Kimveer Gill finally got the recognition he craved — sort of. And for two days the newspapers have been full of articles attempting to explain his murderous rampage at Dawson College in Montreal. Now it’s my turn. Other people say they cannot imagine what prompted him to do such terrible things. I can. Easily. It was shame. I have felt it many times and I know how it is suppressed: with hatred.
Oddly, I have read not a single article in which the word “shame” or “humiliation” or “embarrassment” is invoked to explain Gill’s motivation. This denial is part of the problem. We live with shame all the time, barely avoiding it or hiding it in our dealings with others, yet we hardly ever acknowledge that we’re experiencing it ourselves, nor do we notice it in others.
Anthropologists (I don’t know which one first) have distinguished between cultures of shame and of guilt. Such traditional societies as ancient Greece and Iceland are now called cultures of shame. To them, honor meant everything. They could not imagine holding a satisfactory opinion of themselves that ran contrary to the opinions of others. Self-esteem was inevitably based on the esteem of others. Whether one felt pride or disgrace, it was always a reflection of the judgments of others.
Shame is clearly a bodily emotion, usually described from observers in terms of a shrinking posture, aversion of the eyes, stinging blush on the cheeks, stammering flustered rush of loud speech. I don’t know what combination of biochemicals are flooding the body during an extreme moment of embarrassment, but no doubt some pharmacologist will identify them within a few years. Whatever they may be, they create an exceedingly unpleasant experience for the humiliated subject.
By some accounts, we modern people have replaced shame with guilt as the key emotion involved in social control. We feel guilty (or at least we should) when we know that we have done something morally wrong. That is different from shame. We may feel remorse for having harmed another person even if no one else has heard about our wrongdoing. But we feel shame only when viewing ourselves through the eyes of others, even when our behavior has not been immoral at all. For example, a man who discovers in public that his fly is unzipped will feel shame. A person who makes an obvious “Freudian slip” in a social situation will be humiliated by the gaffe, though there is nothing immoral about it.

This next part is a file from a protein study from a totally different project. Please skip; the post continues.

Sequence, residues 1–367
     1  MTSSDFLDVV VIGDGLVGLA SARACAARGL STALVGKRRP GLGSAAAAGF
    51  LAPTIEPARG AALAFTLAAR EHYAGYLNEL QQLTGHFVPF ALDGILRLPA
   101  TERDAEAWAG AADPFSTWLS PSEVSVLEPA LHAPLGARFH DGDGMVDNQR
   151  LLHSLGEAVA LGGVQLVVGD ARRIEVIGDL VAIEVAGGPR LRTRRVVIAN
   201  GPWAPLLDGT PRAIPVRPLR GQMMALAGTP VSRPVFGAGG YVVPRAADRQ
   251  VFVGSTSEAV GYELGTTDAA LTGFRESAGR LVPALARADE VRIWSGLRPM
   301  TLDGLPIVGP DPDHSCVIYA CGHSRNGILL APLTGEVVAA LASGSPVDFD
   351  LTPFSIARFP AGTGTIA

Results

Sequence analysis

Someone may be deliberately shamed by another person without having earned it morally, as in the case of a female rape victim, whose entire family (in some societies) is dishonored along with her by this attack. If there is any guilt in such an interaction, it can only be on the part of the rapist, not the person(s) he has humiliated.
One cannot avoid feeling shame when others regard one unfavorably, even if one is behaving with scrupulous morality. For example, during World War II conscientious objectors were jailed and treated as common criminals. They felt shame, even though they were not at all guilty of anything. I would like therefore to keep the concepts of shame and guilt separate rather than conflate them, though in many cases the two emotions occur together.
Yet some of the most interesting writers on the sociology of emotion do conflate guilt and shame. I am especially thinking of a wonderful chapter on shame by Thomas J. Scheff(see photo) in his book, Bloody Revenge: Emotions, Nationalism, and War. Scheff draws on previous work by a psychoanalyst, H. R. Lewis, Shame and Guilt in Neurosis. The noteworthy point that Lewis makes is that it has become universal in modern society to deny or hide shame, and to pretend it is not happening when we see it in others. Scheff writes:
“Lewis’s work suggests that shame is a haunting presence in psychotherapy that is usually hidden, disguised, or ignored by both patient and therapist. …[M]ost therapists are unaware of pride and shame in therapy, even though they may turn out to be crucial elements in treatment: Like the patient and most other adults, the therapist is accustomed to ignoring the manifestations of these emotions.”
Scheff is right in calling shame and pride the “master emotions.” They are often present, and when they are not actually being felt, we are aware that we are risking them in every encounter with others. Erving Goffman called this precarious social management the “presentation of self in everyday life,” where even a slight awkwardness of gesture may create an unfavorable impression of oneself in the eyes of others. Goffman also pointed out that courtesy often amounts to what he called “civil inattention” when we pretend not to have noticed another person’s gaffe. We are particularly scrupulous about avoiding mention of actual shame whenever it is occurring.
As for the journalists explaining Kimveer Gill’s shootings, they readily describe him as an unpopular fellow, disliked by his peers in school and excluded from sociable relations. This is, indeed, perfectly typical for mass murderers: they are isolated, though they may have tried unsuccessfully in numerous ways to overcome their own pariah status. If “isolation” is an acceptable explanation for their deeds, “shame” is not.
Yet as Scheff points out, the experience of shame and its opposite, pride, are ubiquitous feelings in everyday life (even in so-called “guilt societies”) and they represent a person’s sense of comfort or discomfort with his degree of closeness to others. One's experience of too much closeness is felt as “exposure” — as when one is seen naked in a situation where privacy should have been protected. But too much social distance can also be humiliating, as when one is rejected or ignored in a group,